It would be nice if we could keep every tax break there is, but we've got to make some tough choices here if we want to reduce our deficit. And if we choose to keep those tax breaks for millionaires and billionaires, if we choose to keep a tax break for corporate jet owners, if we choose to keep tax breaks for oil and gas companies that are making hundreds of billions of dollars, then that means we've got to cut some kids off from getting a college scholarship. That means we've got to stop funding certain grants for medical research. That means that food safety may be compromised. That means that Medicare has to bear a greater part of the burden. Those are the choices we have to make.
So the bottom line is this: Any agreement to reduce our deficit is going to require tough decisions and balanced solutions. And before we ask our seniors to pay more for health care, before we cut our children's education, before we sacrifice our commitment to the research and innovation that will help create more jobs in the economy, I think it's only fair to ask an oil company or a corporate jet owner that has done so well to give up a tax break that no other business enjoys. I don't think that's real radical. I think the majority of Americans agree with that.
If this kind of rhetoric sounds familiar to you, it means that you have not been living under a rock your whole life. In fact, Democratic politicians have been recycling these tired old talking points for well over a century. The Democrats are the party of the people, while the Republicans the party of the well-heeled special interests. And so on. You get the idea, right?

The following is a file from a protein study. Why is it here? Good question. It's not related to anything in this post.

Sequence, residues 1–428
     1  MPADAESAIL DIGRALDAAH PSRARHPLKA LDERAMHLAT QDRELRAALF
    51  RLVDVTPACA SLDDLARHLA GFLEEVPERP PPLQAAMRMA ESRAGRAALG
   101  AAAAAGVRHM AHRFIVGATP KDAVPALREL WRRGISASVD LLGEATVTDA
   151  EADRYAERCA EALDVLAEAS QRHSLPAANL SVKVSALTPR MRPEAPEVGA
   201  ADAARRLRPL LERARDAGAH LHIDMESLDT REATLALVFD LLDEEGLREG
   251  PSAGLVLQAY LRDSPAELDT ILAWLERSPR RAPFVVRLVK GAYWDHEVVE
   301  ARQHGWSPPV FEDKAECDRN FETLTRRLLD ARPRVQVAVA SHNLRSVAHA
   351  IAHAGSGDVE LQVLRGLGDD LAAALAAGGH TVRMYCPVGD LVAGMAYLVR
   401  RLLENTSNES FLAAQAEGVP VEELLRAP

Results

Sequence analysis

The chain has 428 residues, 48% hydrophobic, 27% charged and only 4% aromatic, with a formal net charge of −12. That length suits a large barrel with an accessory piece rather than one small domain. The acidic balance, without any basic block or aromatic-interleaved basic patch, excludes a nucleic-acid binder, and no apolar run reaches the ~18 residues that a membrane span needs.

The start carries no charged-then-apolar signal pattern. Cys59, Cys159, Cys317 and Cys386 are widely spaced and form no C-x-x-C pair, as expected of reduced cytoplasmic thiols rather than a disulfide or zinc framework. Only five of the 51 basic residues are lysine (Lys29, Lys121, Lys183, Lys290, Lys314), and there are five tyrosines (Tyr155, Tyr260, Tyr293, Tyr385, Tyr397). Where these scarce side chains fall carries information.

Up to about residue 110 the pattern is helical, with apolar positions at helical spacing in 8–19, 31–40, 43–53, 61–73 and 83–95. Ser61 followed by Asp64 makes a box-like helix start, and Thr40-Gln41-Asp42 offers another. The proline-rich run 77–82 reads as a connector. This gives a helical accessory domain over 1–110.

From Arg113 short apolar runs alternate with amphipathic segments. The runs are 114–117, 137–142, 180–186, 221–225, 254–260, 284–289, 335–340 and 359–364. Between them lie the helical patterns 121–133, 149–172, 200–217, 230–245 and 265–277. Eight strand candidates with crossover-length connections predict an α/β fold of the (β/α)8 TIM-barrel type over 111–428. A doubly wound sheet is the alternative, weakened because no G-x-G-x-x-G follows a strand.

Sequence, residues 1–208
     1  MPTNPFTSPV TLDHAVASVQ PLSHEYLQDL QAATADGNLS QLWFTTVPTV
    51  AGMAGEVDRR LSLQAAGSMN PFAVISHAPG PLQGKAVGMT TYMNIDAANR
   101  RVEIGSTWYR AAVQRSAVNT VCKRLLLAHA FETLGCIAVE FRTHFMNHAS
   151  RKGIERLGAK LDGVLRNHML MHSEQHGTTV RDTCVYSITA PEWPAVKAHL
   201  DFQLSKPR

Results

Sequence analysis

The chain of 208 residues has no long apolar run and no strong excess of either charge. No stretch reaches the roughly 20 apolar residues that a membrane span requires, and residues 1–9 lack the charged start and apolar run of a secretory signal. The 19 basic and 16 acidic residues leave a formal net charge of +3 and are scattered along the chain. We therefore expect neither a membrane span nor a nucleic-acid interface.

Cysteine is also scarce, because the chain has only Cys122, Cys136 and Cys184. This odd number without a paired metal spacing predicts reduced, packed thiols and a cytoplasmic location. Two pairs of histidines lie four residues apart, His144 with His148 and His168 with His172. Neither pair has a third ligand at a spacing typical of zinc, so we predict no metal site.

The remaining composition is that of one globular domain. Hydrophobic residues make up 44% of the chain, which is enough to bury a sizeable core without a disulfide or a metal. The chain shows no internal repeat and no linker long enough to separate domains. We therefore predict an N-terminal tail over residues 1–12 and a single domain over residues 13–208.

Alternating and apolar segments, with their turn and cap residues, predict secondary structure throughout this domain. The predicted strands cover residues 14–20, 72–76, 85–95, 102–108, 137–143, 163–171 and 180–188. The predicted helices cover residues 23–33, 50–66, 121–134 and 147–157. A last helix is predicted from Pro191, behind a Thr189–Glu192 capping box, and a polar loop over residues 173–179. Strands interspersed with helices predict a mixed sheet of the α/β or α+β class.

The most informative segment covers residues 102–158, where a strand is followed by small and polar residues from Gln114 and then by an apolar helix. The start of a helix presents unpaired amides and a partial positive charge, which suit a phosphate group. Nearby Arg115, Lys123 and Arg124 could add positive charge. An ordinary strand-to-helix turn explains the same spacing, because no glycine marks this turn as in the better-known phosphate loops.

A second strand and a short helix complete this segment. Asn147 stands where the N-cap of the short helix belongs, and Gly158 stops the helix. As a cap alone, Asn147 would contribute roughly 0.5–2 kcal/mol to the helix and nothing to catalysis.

There are two ideas of government. There are those who believe that if you just legislate to make the well-to-do prosperous, that their prosperity will leak through on those below. The Democratic idea has been that if you legislate to make the masses prosperous their prosperity will find its way up and through every class that rests upon it…
If they dare to come out in the open field and defend the gold standard as a good thing, we shall fight them to the uttermost, having behind us the producing masses of the nation and the world. Having behind us the commercial interests and the laboring interests and all the toiling masses, we shall answer their demands for a gold standard by saying to them, you shall not press down upon the brow of labor this crown of thorns. You shall not crucify mankind upon a cross of gold.
We have been working together for victory in a great cause. Victory has become a habit of our party. It has been elected four times in succession, and I am convinced it will be elected a fifth time next November.
The reason is that the people know that the Democratic Party is the people's party, and the Republican Party is the party of special interest, and it always has been and always will be.
One last word to those who voted for Mr. Reagan.
I know what you were saying. But I also know what you were not saying.
You did not vote for a $200 billion deficit.